R.B.B. Dickison, D.R. Lavigne, E.G. Kettela


Executive Summary

This report summarizes a study of the application of the BioSIM model by Dr. Jacques Régniere and associates for prediction of spruce budworm larval development, specifically to (a) customize the model for use in New Brunswick, and (b) validate model predictions against detailed development measurements.

The customization involved the specification of eco-geographical zones and the creation of an expanded and up-dated climatological databank for New Brunswick. Zones were specified in relation to Loucks's (1962) Forest Classification of the Maritime Provinces, and the identification parameters added to a New Brunswick version of the model. The databank was created using newly available standard normal period temperatures for the period 1961-90, which required extensive adjustment of previously published normals.

Validation involved model runs to (a) test the model's capability to mimic the development phenology map for New Brunswick, (b) to assess the variation of prediction error with time, using detailed development measurements for the 1992 season, and (c) to assess the variation of prediction error for past extreme seasons -- which were adequately represented by 1990 and 1991.

The development phenology study examined normal predictions of peak III Instar at 57 grid-points in north-central New Brunswick, covering five phenological zones. A range of 1.0 days was found for the zone-average dates, or 2 1/2 days/zone; means of predictions for zones 2 and 3 were identical, but this aberration is partly due to a couple of peculiarities in site selection.

The 1992 development predictions were conducted using several combinations of input data, reflecting the availability or unavailability of antecedent larval development data and with weather data which was actually availability or which could have been available. Observed data were available from six locations. Sequential runs were made at interval dates of three days beginning May 1, and predictions made for instar levels III through VI. The results are presented in tables and graphs.

Long range predictions for the early instars were very poor, averaging at best 7-12 days too late at all but one location. (Since the model is denied a knowledge of the actual ensuing weather, the development predictions were adversely influenced by a particularly warm cool period in mid-May.) As the advance prediction period shortened the results improved noticeably: even at around two weeks in advance, predictions for instar levels IV through VI were within two days for all except two cases, i.e., in 16 of 18 cases, using the best dataset combinations.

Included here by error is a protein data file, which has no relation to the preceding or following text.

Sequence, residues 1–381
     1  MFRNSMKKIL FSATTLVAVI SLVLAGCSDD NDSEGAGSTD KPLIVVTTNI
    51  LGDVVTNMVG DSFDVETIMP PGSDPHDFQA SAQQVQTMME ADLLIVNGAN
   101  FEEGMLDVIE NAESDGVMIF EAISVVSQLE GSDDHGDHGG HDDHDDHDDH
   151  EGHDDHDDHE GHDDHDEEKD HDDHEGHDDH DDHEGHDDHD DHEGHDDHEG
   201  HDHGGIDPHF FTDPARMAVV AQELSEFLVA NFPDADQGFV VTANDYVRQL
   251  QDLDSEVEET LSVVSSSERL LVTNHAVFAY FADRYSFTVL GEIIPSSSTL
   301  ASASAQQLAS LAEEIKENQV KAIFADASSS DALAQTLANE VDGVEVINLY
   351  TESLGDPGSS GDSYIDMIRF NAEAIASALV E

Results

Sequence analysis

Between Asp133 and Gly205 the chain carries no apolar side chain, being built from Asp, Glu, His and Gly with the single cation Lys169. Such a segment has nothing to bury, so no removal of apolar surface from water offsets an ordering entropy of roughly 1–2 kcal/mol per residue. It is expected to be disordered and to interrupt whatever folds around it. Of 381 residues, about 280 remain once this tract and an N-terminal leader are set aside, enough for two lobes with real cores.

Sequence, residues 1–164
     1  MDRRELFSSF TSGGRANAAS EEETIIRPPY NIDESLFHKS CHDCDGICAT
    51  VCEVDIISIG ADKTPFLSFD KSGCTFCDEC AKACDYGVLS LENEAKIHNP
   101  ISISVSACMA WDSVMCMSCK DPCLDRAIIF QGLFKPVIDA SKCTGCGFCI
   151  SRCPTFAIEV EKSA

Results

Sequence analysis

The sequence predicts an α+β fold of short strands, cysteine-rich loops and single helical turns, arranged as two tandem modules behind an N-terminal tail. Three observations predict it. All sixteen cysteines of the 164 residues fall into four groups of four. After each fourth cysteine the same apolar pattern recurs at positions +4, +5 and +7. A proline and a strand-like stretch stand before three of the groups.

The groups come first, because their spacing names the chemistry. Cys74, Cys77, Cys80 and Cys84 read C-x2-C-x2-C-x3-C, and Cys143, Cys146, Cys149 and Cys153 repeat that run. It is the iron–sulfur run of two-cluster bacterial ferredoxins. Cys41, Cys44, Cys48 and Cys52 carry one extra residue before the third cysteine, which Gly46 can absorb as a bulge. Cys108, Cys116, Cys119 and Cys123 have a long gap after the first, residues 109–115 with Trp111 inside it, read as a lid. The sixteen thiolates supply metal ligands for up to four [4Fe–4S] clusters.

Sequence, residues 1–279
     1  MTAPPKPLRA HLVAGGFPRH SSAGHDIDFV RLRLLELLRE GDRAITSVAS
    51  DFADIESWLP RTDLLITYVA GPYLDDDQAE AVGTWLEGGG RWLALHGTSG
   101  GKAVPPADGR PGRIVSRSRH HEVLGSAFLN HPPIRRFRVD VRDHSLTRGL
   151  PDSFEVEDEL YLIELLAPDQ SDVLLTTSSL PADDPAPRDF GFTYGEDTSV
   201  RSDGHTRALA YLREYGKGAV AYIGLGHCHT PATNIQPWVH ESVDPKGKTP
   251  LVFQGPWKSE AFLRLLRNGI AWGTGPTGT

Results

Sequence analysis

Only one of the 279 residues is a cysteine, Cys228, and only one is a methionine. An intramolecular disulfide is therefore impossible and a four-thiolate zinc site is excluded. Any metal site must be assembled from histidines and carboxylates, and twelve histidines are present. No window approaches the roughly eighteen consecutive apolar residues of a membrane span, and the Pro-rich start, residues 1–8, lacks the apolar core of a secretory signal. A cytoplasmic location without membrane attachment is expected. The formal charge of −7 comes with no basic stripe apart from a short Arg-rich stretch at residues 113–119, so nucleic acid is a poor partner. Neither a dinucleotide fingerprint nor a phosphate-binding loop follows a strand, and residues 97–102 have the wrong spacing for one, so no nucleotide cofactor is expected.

Although the predictions improved with the incorporation of observed development data and of observations from all operating weather stations, the improvement was slight. The disadvantage, therefore, of limited data appears not to be critical. The only significant concern is the bias introduced by abnormal weather conditions occurring after the time of the model run, but this bias should be ameliorated by incorporating forecast temperature data -- which the model is designed to accept.

Predictions for past extreme years were run for 1990 and 1991, which were respectively late and early development years. The model was run for only one site in each year, and the results compared with those for a nearby 1992 station. The results were best for 1991, the warm year, and overall were comparable with those for the 1992 analyses.

In its customized version, the model provides an efficient means of predicting larval development. Unfortunately, the model gave poorest results for ITT Instar, which is close to the stage used to begin spray operations. The incorporation of weather forecast information and an intensified field survey program 'in the early stages are warranted. The report contains six recommendations, including the recommendation that BioSIM be considered for operational use within New Brunswick.